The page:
For the moment we are shifting to two blog posts a month to be able to better provide timely posts.
While doing my preparations for the next campaign for Technical Difficulties, I searched for advice on how to run games of Monsters and Other Childish Things. Although I have listened to this and many other games in the One Roll Engine family being played, I had never played in or run a game with it. Luckily, the cast of The Drunk and The Ugly are some of the most experienced with this game, so I asked questions on how to run the game and on running Road Trip using their forums.
As we talked, a few present and former members of their cast expressed interest in playing in it. Although this would increase my workload, I thought it would be an interesting prospect. While campaigns are designed to be run multiple times, I have never heard of someone running the same campaign for two groups at the same time. It would be interesting to see how the groups reacted to the same stimuli in real time and how that might affect my running of the campaigns.
Already this has borne fruit. I ran the first session for the other group before Technical Difficulties first session due to scheduling conflicts. By playing the other game first, I learned some of the weaknesses in how I had presented it. One of the players brought up that when I described the monster the kids fought I only used the bare minimum of descriptive language to describe them. My intent was take make it more horrifying by leaving it up to the imagination, but since it is the theater of the mind, using more imagery gives it a unified image that makes the game more real.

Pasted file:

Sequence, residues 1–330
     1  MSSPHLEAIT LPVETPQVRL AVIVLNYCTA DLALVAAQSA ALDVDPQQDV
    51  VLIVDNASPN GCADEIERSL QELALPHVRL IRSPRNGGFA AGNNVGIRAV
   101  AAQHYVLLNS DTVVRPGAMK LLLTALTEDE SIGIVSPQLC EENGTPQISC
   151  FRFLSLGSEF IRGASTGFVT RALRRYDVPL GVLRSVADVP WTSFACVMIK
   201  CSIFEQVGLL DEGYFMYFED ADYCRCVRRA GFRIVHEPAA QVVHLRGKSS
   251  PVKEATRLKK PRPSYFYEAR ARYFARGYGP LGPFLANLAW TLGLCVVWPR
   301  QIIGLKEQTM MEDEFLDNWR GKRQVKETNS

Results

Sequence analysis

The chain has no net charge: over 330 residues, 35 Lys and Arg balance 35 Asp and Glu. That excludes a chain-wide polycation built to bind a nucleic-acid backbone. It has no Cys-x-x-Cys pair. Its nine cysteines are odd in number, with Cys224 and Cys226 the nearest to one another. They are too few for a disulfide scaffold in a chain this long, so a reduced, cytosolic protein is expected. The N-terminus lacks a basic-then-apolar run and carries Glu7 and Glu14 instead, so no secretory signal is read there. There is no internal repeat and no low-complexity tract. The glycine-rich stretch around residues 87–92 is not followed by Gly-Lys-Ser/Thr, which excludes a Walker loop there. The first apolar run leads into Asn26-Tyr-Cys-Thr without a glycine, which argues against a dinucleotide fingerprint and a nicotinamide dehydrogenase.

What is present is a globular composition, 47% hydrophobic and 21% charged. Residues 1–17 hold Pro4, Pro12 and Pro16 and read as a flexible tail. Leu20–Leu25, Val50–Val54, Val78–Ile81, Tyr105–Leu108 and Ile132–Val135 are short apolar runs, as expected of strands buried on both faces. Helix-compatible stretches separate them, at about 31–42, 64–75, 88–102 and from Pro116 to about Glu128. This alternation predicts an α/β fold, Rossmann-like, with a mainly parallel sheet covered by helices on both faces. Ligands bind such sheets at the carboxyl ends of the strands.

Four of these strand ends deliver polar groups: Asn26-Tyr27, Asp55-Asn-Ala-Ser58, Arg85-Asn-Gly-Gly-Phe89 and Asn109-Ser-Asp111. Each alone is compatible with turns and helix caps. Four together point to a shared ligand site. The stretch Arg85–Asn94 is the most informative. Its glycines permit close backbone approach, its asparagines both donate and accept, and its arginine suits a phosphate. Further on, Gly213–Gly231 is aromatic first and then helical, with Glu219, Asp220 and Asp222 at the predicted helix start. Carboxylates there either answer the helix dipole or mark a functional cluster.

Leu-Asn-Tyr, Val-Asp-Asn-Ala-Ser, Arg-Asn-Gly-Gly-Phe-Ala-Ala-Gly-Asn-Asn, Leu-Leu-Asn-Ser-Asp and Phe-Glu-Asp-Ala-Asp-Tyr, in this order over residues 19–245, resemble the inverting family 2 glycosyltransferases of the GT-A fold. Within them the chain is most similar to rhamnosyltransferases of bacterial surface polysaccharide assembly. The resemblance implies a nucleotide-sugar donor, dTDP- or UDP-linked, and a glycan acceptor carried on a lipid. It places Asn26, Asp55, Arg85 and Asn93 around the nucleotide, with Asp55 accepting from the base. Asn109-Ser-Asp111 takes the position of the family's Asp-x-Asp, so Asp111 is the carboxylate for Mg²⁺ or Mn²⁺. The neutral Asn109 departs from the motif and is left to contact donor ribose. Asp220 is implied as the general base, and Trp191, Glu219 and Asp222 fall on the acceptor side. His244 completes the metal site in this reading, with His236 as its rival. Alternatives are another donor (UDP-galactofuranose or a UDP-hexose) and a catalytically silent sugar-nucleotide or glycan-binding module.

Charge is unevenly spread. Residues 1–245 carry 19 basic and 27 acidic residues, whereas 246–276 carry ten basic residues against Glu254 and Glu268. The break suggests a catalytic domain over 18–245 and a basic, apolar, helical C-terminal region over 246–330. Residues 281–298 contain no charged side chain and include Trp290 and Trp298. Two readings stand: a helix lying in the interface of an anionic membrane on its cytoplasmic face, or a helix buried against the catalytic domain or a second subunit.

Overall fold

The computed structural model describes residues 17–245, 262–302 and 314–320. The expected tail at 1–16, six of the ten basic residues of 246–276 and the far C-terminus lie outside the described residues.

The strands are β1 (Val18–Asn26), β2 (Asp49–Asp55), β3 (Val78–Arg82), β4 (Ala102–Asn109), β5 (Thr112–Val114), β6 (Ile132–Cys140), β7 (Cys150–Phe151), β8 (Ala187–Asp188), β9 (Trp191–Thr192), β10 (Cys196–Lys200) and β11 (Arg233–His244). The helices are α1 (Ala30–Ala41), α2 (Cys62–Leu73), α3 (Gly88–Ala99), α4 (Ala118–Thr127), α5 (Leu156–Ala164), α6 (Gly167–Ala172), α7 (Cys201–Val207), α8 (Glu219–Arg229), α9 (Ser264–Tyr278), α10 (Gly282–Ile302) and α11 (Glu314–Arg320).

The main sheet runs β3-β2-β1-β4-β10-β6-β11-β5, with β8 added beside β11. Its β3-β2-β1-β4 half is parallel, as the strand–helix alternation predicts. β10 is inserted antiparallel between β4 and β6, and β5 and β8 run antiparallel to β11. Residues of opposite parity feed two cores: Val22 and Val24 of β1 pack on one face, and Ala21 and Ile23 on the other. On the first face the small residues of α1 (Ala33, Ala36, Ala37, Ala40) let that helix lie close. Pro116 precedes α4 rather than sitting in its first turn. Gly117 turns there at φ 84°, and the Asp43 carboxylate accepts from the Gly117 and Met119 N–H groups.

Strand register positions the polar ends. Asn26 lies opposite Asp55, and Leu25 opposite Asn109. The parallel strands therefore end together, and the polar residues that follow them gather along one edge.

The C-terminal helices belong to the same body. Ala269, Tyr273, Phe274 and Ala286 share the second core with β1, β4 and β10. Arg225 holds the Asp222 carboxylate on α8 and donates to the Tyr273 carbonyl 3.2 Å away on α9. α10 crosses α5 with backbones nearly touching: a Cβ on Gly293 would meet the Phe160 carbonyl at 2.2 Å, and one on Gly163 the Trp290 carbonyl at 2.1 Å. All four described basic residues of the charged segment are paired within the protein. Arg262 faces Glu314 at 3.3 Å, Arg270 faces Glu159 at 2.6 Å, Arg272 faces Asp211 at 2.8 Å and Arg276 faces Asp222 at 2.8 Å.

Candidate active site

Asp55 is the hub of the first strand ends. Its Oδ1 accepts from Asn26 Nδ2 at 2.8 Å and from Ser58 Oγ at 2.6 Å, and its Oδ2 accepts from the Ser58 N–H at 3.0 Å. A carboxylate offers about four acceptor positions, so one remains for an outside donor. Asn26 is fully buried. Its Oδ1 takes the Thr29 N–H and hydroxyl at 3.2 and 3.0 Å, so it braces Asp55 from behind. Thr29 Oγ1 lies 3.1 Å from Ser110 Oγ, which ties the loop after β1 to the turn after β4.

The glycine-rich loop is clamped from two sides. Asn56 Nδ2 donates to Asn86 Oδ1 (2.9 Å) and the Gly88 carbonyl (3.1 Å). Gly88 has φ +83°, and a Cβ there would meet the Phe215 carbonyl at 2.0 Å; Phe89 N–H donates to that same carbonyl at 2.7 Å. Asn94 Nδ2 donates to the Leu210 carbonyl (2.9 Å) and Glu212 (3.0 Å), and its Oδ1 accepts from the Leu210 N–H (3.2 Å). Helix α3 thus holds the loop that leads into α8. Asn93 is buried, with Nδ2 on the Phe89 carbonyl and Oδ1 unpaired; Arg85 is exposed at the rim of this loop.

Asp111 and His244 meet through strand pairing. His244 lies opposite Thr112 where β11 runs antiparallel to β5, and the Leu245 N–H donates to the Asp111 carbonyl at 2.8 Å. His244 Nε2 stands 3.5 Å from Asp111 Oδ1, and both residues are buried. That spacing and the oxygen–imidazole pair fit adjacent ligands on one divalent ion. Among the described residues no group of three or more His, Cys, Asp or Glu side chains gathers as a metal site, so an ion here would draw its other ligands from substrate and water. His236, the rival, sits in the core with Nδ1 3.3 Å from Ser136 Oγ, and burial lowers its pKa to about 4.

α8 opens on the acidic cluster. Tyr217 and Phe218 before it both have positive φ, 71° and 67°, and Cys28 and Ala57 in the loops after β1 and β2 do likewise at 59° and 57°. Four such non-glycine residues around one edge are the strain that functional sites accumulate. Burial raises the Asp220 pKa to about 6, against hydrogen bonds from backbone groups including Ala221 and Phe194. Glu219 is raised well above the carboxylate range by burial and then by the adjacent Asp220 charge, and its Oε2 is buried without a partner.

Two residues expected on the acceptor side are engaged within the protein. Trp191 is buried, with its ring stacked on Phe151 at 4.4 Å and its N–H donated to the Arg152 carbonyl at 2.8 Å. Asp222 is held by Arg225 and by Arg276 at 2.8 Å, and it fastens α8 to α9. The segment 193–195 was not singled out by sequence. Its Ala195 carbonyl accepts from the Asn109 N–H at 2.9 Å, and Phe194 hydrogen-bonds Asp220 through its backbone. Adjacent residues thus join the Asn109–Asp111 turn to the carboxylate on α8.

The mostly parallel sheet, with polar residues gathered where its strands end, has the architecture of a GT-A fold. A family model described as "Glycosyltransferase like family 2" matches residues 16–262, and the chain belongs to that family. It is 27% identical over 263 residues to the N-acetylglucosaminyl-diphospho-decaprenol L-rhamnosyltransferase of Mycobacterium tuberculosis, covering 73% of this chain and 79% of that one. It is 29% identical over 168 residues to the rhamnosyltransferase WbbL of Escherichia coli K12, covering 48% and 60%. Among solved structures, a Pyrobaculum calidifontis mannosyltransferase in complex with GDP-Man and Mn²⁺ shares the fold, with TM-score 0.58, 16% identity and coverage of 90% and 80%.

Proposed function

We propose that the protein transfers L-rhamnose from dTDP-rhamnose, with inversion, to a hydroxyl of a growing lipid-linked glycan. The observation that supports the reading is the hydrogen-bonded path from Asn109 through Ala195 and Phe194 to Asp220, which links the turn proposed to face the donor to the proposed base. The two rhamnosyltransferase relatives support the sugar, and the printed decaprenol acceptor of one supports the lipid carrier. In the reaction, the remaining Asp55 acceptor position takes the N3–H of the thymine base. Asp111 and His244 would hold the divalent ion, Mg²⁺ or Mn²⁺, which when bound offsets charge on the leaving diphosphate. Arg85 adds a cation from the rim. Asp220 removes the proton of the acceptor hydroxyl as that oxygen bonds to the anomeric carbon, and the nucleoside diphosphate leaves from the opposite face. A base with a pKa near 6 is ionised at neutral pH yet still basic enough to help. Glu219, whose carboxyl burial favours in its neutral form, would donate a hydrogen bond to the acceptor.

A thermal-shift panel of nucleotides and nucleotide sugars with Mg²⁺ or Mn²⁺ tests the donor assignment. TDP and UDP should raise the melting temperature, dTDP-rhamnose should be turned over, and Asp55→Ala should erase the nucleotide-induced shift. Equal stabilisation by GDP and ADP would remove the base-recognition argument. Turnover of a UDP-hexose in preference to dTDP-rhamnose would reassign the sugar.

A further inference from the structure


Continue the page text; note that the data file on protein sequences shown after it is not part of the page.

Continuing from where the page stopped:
While it wasn’t a complaint of theirs, they also flew through combat without a scratch. I feel that was more system mastery than the monsters, as they said that they felt right for a first session enemy. With their advice, I got a better feel of how the first session needed to go. While combat got a lot more crunchy with four PCs and six enemies, the Technical Difficulties crew has fun and had a challenging fight, as they took damage while fighting the creatures.
A new group was helpful to seeing these blind spots in my GM style. Laura had mentioned descriptiveness in the short story I had written, but once is an anomaly while twice is a pattern. I need to do better with description. It’s weird because the image is clear in my head and I can describe it well; perhaps I’m unnecessarily worried about dragging on in play, especially with Technical Difficulties’ scheduling. I just need to take the time to describe. And I know viciousness is not my strong suit, but in an RPG I need to know when to lay back and when to throw the hammer.
No matter what, all of the players across the sessions enjoyed the opening act. These are means of growth, not game breaking errors. Focus on fun at the table and be open to suggestion, and anyone can be a great GM.